Jun 28, 2022, 11:20 AM
Room: S3 A

Room: S3 A


D'Amore, Antonio (Ri.MED Foundation/University of Pittsburgh)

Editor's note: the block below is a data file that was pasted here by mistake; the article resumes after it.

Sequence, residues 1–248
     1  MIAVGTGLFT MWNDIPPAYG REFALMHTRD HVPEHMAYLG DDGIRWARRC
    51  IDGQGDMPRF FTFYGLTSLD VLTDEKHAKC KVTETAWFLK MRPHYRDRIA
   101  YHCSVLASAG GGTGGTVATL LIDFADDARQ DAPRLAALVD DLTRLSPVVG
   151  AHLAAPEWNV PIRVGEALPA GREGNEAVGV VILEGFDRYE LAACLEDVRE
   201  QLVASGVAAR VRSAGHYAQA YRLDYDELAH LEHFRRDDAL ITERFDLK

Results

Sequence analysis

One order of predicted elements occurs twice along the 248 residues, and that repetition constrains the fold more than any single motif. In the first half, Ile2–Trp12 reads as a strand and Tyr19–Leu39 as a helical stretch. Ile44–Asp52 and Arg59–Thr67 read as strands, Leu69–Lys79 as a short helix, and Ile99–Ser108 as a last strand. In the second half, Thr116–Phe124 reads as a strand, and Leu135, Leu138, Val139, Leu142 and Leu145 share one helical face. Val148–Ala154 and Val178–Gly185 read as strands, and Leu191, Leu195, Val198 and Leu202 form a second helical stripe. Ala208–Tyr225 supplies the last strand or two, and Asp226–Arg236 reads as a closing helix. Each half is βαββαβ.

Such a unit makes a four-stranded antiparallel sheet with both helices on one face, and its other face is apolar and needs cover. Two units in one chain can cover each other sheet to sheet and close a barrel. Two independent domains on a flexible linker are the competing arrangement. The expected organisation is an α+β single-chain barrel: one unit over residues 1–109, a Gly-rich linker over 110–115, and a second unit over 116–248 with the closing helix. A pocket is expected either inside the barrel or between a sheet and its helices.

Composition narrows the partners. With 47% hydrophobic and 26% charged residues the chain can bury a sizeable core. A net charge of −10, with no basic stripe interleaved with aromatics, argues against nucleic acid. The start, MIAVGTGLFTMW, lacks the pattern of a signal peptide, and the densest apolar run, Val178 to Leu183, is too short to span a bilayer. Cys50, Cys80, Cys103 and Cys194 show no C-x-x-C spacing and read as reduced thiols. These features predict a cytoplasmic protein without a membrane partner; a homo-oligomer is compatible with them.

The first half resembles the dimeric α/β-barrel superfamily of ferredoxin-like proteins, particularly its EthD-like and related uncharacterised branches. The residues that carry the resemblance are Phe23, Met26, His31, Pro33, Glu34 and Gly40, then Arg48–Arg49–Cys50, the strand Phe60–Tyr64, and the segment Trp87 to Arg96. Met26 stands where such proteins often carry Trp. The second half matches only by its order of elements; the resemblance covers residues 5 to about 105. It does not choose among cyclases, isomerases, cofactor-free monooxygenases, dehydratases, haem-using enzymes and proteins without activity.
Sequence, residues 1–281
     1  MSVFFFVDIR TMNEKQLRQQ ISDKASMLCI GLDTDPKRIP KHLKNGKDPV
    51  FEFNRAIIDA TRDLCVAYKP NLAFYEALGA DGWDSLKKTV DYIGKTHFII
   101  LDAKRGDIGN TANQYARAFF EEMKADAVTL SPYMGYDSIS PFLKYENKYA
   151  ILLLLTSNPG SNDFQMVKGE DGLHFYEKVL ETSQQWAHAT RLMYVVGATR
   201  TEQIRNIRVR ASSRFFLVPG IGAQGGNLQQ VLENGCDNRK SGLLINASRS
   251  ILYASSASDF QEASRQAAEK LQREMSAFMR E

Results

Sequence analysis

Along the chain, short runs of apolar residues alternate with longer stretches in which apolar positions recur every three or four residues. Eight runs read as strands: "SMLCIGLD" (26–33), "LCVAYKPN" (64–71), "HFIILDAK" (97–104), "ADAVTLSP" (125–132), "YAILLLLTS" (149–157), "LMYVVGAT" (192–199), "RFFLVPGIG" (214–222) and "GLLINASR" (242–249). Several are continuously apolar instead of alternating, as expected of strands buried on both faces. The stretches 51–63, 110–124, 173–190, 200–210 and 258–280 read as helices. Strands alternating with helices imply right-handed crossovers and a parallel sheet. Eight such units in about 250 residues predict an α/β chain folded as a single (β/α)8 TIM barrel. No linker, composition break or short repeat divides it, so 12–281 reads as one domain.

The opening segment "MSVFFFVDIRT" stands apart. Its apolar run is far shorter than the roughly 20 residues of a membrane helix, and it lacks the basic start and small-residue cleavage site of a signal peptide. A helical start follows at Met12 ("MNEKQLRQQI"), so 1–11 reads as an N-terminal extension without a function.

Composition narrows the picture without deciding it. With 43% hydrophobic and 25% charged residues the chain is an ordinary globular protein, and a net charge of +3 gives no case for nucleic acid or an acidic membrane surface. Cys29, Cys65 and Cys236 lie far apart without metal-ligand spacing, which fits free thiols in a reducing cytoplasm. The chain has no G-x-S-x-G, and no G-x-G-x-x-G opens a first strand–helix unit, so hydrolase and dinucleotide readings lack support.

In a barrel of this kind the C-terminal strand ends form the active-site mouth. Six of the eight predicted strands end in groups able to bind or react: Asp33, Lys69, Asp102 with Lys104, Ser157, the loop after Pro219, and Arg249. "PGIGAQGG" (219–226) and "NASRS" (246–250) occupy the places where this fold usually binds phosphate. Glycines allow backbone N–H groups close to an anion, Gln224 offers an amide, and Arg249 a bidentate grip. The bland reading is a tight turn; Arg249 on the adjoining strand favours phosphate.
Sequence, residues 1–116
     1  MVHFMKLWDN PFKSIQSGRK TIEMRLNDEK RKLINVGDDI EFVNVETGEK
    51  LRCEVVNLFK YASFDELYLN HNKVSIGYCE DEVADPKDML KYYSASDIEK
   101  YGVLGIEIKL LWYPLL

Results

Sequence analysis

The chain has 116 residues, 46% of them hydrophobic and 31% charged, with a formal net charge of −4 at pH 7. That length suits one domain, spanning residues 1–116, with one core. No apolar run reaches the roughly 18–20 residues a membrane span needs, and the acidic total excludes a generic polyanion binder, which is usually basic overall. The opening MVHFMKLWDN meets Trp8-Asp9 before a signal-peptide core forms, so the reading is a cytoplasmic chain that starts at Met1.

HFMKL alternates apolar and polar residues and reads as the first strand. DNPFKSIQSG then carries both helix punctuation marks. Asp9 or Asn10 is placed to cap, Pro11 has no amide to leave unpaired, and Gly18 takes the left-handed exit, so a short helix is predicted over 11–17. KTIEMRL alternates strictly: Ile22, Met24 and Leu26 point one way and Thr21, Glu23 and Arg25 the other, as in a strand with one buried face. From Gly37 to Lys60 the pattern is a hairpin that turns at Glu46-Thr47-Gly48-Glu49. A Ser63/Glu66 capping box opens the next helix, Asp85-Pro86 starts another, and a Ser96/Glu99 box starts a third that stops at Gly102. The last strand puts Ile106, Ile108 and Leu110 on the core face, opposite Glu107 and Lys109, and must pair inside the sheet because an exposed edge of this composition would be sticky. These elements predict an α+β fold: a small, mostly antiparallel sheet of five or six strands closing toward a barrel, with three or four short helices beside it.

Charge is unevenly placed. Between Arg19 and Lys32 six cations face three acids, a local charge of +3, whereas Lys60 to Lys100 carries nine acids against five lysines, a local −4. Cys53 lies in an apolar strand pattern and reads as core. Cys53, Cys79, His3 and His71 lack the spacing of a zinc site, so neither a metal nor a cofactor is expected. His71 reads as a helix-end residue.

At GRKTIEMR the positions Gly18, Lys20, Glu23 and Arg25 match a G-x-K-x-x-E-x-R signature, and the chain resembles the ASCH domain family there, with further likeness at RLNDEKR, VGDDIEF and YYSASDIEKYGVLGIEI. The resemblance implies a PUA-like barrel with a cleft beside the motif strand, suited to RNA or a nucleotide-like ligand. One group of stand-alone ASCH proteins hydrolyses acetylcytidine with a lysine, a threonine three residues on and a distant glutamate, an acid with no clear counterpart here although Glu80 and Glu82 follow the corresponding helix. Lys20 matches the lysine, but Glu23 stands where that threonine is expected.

Elastomeric biodegradable scaffolds have been utilized as viable cardiovascular tissue surrogates in various applications, including cardiac patches, engineered vascular grafts, and heart valves. The interactions between cells and scaffold constitute an essential element in endogenous tissue growth and de novo tissue formation. Mechanical conditioning regimens are widely recognized as effective methods for facilitating extracellular matrix (ECM) accretion and improving engineered construct mechanical properties. Despite these advantageous factors, the understanding of the underlying cells - matrix interaction mechanisms remains relatively limited, hampering the development of in silico and in vitro models and the translation of engineered tissues into clinical application. In an attempt to reduce this gap in knowledge, we investigated how mechanical strain and micro-architecture impact ECM formation and elaboration. Vascular smooth muscle cells (VSMCs) have been micro-integrated into elastomeric biodegradable polyurethane scaffolds having identical microstructure. The constructs have been dynamically conditioned using a uniaxial stretch bioreactor for 21 days. Different levels of uniaxial strain, 15, 30, and 50%, have been continuously imposed at 1Hz of frequency for the entire culture period. We hypothesized that specific levels of strain and micro-architectures could be identified to enhance ECM production in quantity (collagen mass) and quality (anisotropy, stiffness). Samples were processed to evaluate ECM biosynthesis via: biochemical assay, qualitative and quantitative histological assessment, multi-photon analysis, and mechanical characterization. Experimental evaluation was coupled to a numerical model that elucidated the relationship between the scaffold micro-architecture and the strain acting on the cells. Results showed that while a 30% peak of strain level achieved maximum ECM synthesis rate, further increases in strain level led to a reduction in ECM. Likewise, micro-integrated scaffolds fabricated with different micro-architecture (i.e., different number of fibers intersections/area) have been exposed to 21 days of dynamic culture at a fixed 30% strain and a frequency of 1 Hz. Results highlighted the existence of specific micro-architectures and how topological cues are able to maximize ECM elaboration given a specific imposed macroscopic mechanical load. The improved understanding of the complex process of ECM formation in these mechanosensitive cell-scaffold models might lead to a more effective engineering and processing of cardiovascular tissue surrogates that are requested to function in highly demanding mechanical in-vivo environments.


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